Thursday, 30 March 2017

Singling Out Rajab for Fasting

بِسۡمِ ٱللهِ ٱلرَّحۡمَـٰنِ ٱلرَّحِيمِ

Those who object to fasting part or all of Rajab and Sha’ban cite the same few reasons.  They state that ‘Umar (r.a.) punished the mutarajjibun, those who fasted the month of Rajab according to a practice carried over from the Jahiliyyah, by striking their hands until they broke their fast.  However, this does not constitute a valid objection as `Umar’s (r.a.) act was solely due to some people's emphasis of Rajab, which used to be fasted during the Jahiliyyah, over Ramadhan as the fasting month.  This is clearly not feared for present-day Muslims.  There was also a sacrifice named rajabiyyah performed in that month, a practice carried over from the Jahiliyyah.  Several ahadits in Sunan Abu Dawud and Musnad Ahmad show that it became obligatory in Islam until the obligation was abrogated.  Certain pre-Islamic practices were fought over even in the time of ‘Umar (r.a.), as is shown by the latter's uprooting of a tree for fear of its veneration by some people.

It must be understood that ‘Umar (r.a.) never said, “Do not fast.”  Rather, he said, “Break your fast,” which meant to not complete it as though one was be obliged to if it were Ramadhan.  And no one of the swahabah fasted Rajab and Sha’ban completely in the time of the Prophet (s.a.w.), this was reserved for Ramadhan.  However, if someone makes the intention to fast Rajab and Sha’ban completely, it is permitted in the shari’ah, with the understanding that it is mustahabb to break it shortly before Ramadhan begins.

Imam ibn Qudamah (r.a.) stated in al-Mughni, “It is disliked that Rajab be singled out for fasting.  Ahmad said, ‘If a man fasts during that month, let him break the fast for one day in it, or several, just so as not to fast it all.’"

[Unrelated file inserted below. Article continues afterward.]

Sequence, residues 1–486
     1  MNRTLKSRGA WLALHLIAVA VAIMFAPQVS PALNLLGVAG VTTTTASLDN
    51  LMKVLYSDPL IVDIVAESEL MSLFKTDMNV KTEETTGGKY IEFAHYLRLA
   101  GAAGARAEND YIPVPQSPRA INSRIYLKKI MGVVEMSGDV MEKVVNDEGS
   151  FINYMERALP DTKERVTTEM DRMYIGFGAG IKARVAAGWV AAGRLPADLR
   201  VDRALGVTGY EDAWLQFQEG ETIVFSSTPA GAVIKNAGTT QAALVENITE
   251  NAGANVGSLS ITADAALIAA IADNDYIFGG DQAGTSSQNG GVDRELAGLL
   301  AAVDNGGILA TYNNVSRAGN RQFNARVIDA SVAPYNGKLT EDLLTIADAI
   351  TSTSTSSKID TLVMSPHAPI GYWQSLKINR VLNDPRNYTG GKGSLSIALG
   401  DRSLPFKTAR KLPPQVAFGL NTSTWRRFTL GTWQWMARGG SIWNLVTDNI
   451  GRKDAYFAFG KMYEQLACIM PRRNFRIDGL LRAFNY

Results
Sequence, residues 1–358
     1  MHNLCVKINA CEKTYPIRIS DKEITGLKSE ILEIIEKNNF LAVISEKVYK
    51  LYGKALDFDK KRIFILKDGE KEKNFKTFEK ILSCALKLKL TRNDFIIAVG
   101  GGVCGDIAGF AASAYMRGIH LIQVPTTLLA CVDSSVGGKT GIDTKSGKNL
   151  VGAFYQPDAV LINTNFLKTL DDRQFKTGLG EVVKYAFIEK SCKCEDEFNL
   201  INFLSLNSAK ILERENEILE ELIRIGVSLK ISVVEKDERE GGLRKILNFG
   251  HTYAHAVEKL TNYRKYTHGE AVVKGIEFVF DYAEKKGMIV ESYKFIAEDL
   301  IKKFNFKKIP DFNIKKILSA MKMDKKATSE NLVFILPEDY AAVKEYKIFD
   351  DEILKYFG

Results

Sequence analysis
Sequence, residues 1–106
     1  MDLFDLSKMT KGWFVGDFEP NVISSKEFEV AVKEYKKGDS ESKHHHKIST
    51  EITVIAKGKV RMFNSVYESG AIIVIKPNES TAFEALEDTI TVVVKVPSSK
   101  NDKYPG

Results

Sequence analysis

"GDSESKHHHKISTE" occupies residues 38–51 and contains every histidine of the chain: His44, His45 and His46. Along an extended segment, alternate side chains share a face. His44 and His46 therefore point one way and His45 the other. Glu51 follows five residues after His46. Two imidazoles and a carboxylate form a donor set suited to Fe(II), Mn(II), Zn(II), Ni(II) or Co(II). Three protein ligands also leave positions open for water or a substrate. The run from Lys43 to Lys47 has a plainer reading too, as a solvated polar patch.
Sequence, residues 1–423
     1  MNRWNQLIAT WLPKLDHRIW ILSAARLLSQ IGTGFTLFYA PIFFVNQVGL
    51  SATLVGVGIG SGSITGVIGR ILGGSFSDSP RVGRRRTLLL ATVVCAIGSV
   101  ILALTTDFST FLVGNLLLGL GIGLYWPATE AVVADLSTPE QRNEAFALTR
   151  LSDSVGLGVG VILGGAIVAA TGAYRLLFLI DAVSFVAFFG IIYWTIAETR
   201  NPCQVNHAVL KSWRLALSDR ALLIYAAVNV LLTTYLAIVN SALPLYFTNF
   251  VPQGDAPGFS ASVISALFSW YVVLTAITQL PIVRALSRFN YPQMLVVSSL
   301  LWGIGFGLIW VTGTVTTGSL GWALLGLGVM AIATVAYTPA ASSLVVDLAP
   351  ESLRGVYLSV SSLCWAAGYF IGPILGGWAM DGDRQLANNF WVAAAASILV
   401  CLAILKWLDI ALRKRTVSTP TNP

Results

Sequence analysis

The reason for this is what Imam Ahmad (r.a.) narrated with his chains the following.  Kharashah ibn al-Harr (r.a.) said, “I saw ‘Umar striking the hands of the mutarajjibin until they helped themselves to the food, and he would say, ‘Eat!  For it is only a month which the Jahiliyyah used to magnify.’”

‘Abdullah ibn ‘Umar (r.a.) said that he disliked seeing people make preparations for Rajab and would say, “Fast some of it and break fast some of it.”  ibn ‘Abbas (r.a.) said something similar.

Abu Bakr (r.a.) said he saw his household preparing new baskets and clay jugs and asked, “What is this?”

They said, “For Rajab, so that we may fast it.”

He replied, “Did you change Rajab into Ramadhan?”  Then he took apart the baskets and broke the jugs.

Imam Ahmad (r.a.) said, “Whoever fasts all year round may fast all of Rajab.  Otherwise, let him not fast all of it but only some of it so that he will not liken it to Ramadhan.”

The above makes it clear that singling out the month of Rajab for fasting is not forbidden, but at worst disliked; it is not even disliked as long as fast is broken to the extent that the similitude with the month of Ramadhan is eliminated; and even the unbroken fast is not disliked if the person fasts all year round.



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